An arch is defined as a plane-curved bar or rib supported and loaded in a way that makes it act in direct compression. Arch is one of the oldest and enduring structural elements of traditional architecture and is designed to carry predominantly vertical loads. There are three major types of arches in construction practice namely three hinged, two hinged and hingeless arches.
Two hinged and hingeless arches are statically indeterminate structures which are generally more economical, stiffer and stronger. The former is indeterminate to the first degree whereas the latter is indeterminate to the third degree. A hingeless arch is a very effective element, but does not suit lightweight applications such as transformable structures.
1. Two hinged Arches
In two hinged arches, supports permit the rotation of the arch at the ends under loads, temperature fluctuations, and horizontal support settlements. These make an arch relatively flexible and less prone to developing high bending stresses. Two hinged arches are statically indeterminate to the first degree with four reaction forces and three equilibrium equations.
Analysis of Two Hinged Arches
Since two hinged arches are statically indeterminate to the first degree, it becomes necessary to develop another equation to compute all the reactions and eventually draw shear and bending moment diagram.
The fourth equation is developed considering the of the arch. The unknown redundant reaction Hb is computed by noting that horizontal displacement of hinge B is zero.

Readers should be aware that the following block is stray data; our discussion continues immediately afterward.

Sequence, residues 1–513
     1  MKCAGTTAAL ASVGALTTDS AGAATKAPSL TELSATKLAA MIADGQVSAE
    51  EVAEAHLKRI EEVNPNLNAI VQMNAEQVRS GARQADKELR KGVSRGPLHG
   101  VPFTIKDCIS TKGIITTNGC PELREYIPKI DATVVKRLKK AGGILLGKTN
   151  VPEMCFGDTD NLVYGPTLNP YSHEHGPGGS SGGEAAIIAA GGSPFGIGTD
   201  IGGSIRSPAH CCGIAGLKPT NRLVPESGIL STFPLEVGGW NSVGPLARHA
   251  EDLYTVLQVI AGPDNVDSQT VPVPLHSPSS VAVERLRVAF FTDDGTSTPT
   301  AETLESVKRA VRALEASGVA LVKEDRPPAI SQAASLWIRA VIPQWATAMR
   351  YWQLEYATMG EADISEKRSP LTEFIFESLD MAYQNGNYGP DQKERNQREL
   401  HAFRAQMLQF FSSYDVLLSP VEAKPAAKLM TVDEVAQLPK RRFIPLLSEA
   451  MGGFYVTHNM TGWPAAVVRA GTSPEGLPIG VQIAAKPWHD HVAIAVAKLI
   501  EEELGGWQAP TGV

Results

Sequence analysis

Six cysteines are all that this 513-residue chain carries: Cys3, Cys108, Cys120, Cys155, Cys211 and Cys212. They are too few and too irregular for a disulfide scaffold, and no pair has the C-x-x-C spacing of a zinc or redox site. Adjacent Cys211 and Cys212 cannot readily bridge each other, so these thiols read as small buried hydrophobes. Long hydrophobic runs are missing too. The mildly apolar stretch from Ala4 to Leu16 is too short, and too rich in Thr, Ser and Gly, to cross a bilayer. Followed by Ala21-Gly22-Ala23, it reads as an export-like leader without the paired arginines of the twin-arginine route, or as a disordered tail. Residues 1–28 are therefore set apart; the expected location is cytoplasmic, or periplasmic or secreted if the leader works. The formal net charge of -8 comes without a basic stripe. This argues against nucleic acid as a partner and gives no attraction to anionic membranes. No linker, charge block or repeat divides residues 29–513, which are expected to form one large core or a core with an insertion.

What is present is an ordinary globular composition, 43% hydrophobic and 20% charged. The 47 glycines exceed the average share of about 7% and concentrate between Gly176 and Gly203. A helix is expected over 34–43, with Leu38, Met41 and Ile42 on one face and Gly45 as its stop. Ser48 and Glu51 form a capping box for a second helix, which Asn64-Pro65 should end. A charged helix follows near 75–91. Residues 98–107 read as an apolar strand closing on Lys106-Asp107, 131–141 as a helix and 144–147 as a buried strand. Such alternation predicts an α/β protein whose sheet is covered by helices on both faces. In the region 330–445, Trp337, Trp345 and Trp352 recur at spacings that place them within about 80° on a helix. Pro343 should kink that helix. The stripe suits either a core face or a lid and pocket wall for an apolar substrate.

The Hb is calculated using the theorem of least work which states that the partial derivative of the strain energy of a statically indeterminate structure with respect to statically indeterminate action should vanish. The general form of the equation used to evaluate Hb is as follows:
s: Length of centerline arch
M: Bending moment
E: Young’s modulus of the arch material
I: Moment of inertia of the arch cross-section,
H: Horizontal reaction
N: Axial Compression
A: Cross-sectional area at any coordinate
2. Hingeless Arches
In hingeless arches, also known as fixed-end arches, supports do not allow rotation of any kind and that is why a relative rotation or settlement at support creates significant additional stresses.
Hingeless arches are statically indeterminate to the third degree with three reactions and three equilibrium equations. Two hinged arches are used in common applications and are not suitable for lightweight applications.
Analysis of Hingeless Arches
This type of arch is statically indeterminate with third degree. Therefore, three more equations need to be developed to compute reactions and draw shear and moment diagrams.
There are a number of methods by which fixed-end arches can be analyzed, for instance: least energy method, column analogy method, and elastic center method. Least energy method which is discussed here is used for symmetrical arches with symmetrical loading.
As for unsymmetrical arches with unsymmetrical loading, least energy method can be used but requires extra effort. In this case, column analogy or elastic method can be adopted.
Unknown reactions can be found using strain energy formula. Considering only the strain energy due to axial compression and bending, the strain energy U is expressed as:
M: Bending moment
N: Axial force of the arch rib.
Because the support at A in fig.2 is fixed, equations for , shear, and axial force at that point can be written as follows:
As dimensions of the arch and loading are known, unknown redundant reactions Ma, Ha, Ray can be evaluated using the above three equations.
Due to the fact that the arch and the loading are symmetrical, the shear force at the crown is zero. Therefore, there would be only two unknowns at the crown. Hence, if the internal forces at the crown are taken as redundant, the expression would be simplified to:
s: Length of centerline of the arch
I: Moment of inertia of the cross section
A: Area of the cross section of the arch
If Mo and No are the bending moment and the axial force at any crosssection due to external loading, the bending moment and the axial force at any section is given by:
Equations 8 and 9 then can be further simplified by using equation 10, 11, and 12.